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Media Release
Senator the Hon Robert Hill
Leader of the Government in the Senate
Minister for the Environment and Heritage

26 June 2001

Murray cod report released by Commonwealth Government

Federal Environment Minister Robert Hill will be seeking departmental advice on whether current protection levels are adequate for Murray cod after an independent report raised concerns about the dramatic decline in numbers across the Murray-Darling Basin.

"The Murray cod is the largest freshwater fish in Australia and is regarded as an icon in the Murray-Darling Basin," Senator Hill said.

"The cod live up to 50 years and have been found to grow to 1.8 metres and to weigh 110 kg. As the fish predator at the top of the food chain in the Murray-Darling river system, it provides one of the best indicators of the health of the riverine system. The problem is that natural populations of the Murray cod have declined dramatically since European settlement and the long-term survival of the species is of concern."

In January this year, Senator Hill commissioned Professor Robert Kearney, Professor of Fisheries at the University of Canberra, to advise on the habitat and environmental needs of Murray cod, population estimates, major threats to its survival and impediments to ensuring sustainable use and management of cod.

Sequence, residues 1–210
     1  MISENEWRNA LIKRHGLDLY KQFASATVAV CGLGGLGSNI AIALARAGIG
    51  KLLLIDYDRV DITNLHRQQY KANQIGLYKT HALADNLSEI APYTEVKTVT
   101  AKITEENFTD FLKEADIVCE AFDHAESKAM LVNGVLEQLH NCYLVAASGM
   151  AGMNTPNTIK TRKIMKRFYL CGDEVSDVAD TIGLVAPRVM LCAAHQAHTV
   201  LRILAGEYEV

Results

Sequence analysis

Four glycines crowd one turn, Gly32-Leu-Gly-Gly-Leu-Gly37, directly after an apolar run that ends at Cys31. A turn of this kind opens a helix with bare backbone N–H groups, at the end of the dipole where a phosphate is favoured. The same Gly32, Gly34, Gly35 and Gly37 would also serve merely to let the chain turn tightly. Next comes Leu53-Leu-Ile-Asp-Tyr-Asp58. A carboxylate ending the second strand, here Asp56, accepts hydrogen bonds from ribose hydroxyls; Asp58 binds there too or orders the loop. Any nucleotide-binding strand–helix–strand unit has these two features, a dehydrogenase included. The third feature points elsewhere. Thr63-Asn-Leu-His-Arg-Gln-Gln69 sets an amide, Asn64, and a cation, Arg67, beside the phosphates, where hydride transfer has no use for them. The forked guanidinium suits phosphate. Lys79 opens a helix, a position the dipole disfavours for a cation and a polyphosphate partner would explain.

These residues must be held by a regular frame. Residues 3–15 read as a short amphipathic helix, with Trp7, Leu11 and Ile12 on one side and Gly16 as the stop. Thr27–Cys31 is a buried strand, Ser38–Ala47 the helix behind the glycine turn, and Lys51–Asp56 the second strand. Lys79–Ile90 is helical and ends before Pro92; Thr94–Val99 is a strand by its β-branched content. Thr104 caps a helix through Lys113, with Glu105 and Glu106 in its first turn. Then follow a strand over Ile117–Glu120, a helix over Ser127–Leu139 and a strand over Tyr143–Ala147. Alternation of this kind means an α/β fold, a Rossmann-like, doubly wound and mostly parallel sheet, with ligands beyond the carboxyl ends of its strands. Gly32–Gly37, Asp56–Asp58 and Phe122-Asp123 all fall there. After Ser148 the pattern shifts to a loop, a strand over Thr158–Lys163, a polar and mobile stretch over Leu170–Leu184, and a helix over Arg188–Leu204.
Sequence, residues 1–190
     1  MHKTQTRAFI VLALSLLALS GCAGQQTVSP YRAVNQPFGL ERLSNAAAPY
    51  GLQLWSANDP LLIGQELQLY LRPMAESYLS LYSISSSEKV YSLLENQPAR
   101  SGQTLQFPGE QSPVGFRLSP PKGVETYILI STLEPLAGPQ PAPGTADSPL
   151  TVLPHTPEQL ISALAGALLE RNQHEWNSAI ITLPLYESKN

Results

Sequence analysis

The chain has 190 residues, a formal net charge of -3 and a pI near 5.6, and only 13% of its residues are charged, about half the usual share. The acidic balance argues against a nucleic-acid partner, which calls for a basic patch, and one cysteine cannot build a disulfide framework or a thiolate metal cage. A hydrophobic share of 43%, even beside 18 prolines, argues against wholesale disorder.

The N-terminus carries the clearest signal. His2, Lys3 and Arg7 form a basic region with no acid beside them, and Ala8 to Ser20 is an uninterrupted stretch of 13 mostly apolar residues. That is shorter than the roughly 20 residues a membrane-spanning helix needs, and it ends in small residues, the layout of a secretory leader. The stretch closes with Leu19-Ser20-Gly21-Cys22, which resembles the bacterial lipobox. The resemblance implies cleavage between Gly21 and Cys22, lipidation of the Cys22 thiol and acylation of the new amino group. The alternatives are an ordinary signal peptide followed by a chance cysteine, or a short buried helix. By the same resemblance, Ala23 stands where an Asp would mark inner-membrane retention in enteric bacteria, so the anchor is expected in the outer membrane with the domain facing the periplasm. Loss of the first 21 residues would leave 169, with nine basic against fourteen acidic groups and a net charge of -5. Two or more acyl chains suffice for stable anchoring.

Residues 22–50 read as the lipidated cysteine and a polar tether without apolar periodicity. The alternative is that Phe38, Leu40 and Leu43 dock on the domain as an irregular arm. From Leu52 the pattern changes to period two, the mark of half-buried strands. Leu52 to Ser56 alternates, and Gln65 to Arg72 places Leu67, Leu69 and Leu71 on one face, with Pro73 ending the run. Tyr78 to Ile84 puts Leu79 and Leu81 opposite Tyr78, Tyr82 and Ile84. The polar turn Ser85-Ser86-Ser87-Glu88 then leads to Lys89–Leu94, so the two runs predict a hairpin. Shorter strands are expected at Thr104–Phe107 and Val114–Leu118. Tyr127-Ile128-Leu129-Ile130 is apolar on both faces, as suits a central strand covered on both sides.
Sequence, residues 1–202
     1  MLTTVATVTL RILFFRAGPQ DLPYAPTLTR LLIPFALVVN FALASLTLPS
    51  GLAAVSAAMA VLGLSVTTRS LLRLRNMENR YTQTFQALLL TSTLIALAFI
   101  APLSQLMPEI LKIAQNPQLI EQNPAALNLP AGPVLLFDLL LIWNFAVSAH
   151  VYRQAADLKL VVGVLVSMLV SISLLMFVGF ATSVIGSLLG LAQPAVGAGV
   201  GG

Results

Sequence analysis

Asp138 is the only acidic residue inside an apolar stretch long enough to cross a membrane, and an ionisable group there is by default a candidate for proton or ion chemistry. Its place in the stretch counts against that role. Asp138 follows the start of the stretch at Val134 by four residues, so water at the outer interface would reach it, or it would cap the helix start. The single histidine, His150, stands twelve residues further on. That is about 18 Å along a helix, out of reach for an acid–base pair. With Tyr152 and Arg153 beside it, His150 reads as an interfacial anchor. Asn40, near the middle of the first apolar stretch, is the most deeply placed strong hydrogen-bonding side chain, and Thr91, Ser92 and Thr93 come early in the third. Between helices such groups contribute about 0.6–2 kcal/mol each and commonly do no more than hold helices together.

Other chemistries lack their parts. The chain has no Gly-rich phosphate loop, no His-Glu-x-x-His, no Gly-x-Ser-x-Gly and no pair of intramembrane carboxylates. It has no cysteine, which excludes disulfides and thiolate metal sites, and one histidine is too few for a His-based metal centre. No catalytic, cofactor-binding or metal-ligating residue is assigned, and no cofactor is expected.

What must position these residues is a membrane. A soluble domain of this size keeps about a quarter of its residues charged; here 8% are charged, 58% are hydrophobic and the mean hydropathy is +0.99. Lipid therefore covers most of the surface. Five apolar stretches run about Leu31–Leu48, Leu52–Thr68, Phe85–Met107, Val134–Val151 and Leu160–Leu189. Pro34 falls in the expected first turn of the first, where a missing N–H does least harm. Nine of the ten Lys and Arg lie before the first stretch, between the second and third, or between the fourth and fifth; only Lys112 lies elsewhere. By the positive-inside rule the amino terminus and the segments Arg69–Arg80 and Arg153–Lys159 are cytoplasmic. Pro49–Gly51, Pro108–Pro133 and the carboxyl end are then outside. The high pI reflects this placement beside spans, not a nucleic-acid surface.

His report found six main threats to cod: habitat degradation; pollution (including cold water pollution from deep dams); inappropriate river flow patterns; barriers to migration, such as dams; introduced species, such as carp; and various forms of fishing, including commercial, recreational and illegal fishing.

Prof Kearney also found that State governments use different approaches to monitoring fish populations and distribution, and concluded that the data is inadequate to properly manage the fishery.

He said the ecologically sustainable use of Murray cod could not be divorced from the overall water use and management of the Basin's ecosystems.

"While, in Prof Kearney's view Murray cod as a species does not appear to be in immediate danger, largely due to hatchery/aquaculture propagation, the integrity of wild cod populations, including their genetic diversity, and of the ecosystems that support them, are seriously threatened," Senator Hill said.

"Based on Professor Kearney's report findings I will seek advice on whether existing levels of protection are adequate."

Tuesday, June 26
Media Contact: Belinda Huppatz on 02 6277 7640 or 0419 258 364

Commonwealth of Australia